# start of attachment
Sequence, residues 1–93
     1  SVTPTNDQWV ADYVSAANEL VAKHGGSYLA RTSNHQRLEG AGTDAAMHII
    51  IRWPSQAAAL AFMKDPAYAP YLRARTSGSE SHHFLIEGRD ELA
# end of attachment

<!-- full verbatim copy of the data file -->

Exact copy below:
Sequence, residues 1–93
     1  SVTPTNDQWV ADYVSAANEL VAKHGGSYLA RTSNHQRLEG AGTDAAMHII
    51  IRWPSQAAAL AFMKDPAYAP YLRARTSGSE SHHFLIEGRD ELA